To give your customers a top-quality digital experience, it’s important to make sure your applications are always working properly. Synthetic monitoring, also known as synthetic testing, can help to confirm your applications are performing as intended, and if they’re not, help you quickly figure out what’s going on. Although synthetic monitoring tools have become a crucial part of application performance monitoring, not all solutions cover all types or yield the best results.
As modern cloud architectures are evolving, so too are the ways users can interact with your applications. We’ll get into how the different types of monitoring work, but first, some background.
What is synthetic monitoring?
Synthetic monitoring is an application performance monitoring practice that emulates the paths users might take when engaging with an application. It uses scripts to generate simulated user behavior for different scenarios, geographic locations, device types, and other variables.
After collecting and analyzing this valuable performance data, a synthetic monitoring solution can:
- Give you crucial insight into how well your application is performing
- Automatically keep tabs on application uptime and tell you how your application responds to typical user behavior
- Zero in on specific business transactions — for example, by alerting you to issues users might experience while attempting to complete a purchase or fill out a web form
How does synthetic monitoring work?
In synthetic monitoring, a robot client application that has been installed on a browser, device, or computer transmits a series of automated transactions to your application. These server calls and testing scripts simulate an end user’s clickstream as they navigate through key areas of your application. Typically, they run every 15 minutes, but you can configure them for different frequencies or to run immediately based on a specific action.
Once the robot client receives a response from your application, it reports the results back to the synthetic monitoring system. If the client detects an error during one of its regularly scheduled synthetic tests, the monitoring system will ask it to run that test again. If the follow-up test also results in an error, then the monitoring system will consider the error confirmed and escalate it within the organization as appropriate.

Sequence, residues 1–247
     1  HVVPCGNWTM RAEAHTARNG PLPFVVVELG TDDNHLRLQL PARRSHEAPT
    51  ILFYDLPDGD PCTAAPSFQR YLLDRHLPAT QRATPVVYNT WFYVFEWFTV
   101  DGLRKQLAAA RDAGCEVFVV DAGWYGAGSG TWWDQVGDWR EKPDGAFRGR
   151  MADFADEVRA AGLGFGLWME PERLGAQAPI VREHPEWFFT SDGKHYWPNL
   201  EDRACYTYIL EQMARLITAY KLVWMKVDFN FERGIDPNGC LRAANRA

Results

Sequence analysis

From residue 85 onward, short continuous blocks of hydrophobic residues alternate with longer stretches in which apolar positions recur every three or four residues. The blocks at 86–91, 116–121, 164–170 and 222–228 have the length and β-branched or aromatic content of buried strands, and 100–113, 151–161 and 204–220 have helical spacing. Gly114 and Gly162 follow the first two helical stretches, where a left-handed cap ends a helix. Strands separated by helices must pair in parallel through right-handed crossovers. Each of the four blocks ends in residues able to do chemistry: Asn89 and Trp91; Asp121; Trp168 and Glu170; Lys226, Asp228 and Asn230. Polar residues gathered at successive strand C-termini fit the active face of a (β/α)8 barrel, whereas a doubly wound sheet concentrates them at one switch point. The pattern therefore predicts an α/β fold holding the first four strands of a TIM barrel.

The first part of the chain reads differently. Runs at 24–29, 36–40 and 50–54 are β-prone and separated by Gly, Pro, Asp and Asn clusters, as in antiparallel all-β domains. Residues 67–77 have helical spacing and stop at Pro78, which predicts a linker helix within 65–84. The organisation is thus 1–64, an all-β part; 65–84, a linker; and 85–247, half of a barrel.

Teams can configure synthetic monitoring tools in various ways according to a company’s requirements. For example, you can set up a robot client on a machine that’s located behind your firewall to confirm that the internal environment is running as you expected, or you can deploy a robot client to a computer outside the firewall to get a sense of how well an application is performing. If you want a more comprehensive view of application availability and performance, you can configure several robot clients on browsers in multiple locations.
Synthetic monitoring vs. real user monitoring
So, what is synthetic monitoring typically used for, and when might a business decide to use RUM instead? Synthetic monitoring is often helpful to identify short-term performance issues that may impact the user experience while an application is still under development. Early detection helps businesses nip potential performance issues in the bud. This approach is handy for regression testing and production site monitoring, for example. Real user monitoring, by contrast, can help a business understand long-term trends in an application’s performance after it has been deployed.
For a deeper dive into session replay in action, see the on-demand Performance Clinic, Mastering Dynatrace Synthetics – Advanced Concepts.
Why use synthetic monitoring?
If your application doesn’t perform well when your customers try to use it, they will quickly leave in pursuit of a better customer experience. This could play out in a variety of ways. For example:
- High bounce rates. Your website might take too long to load, resulting in a high bounce rate. Or, you might be lagging behind your competitors when it comes to application performance without even knowing it. This will hurt your ability to acquire new customers and grow your market share.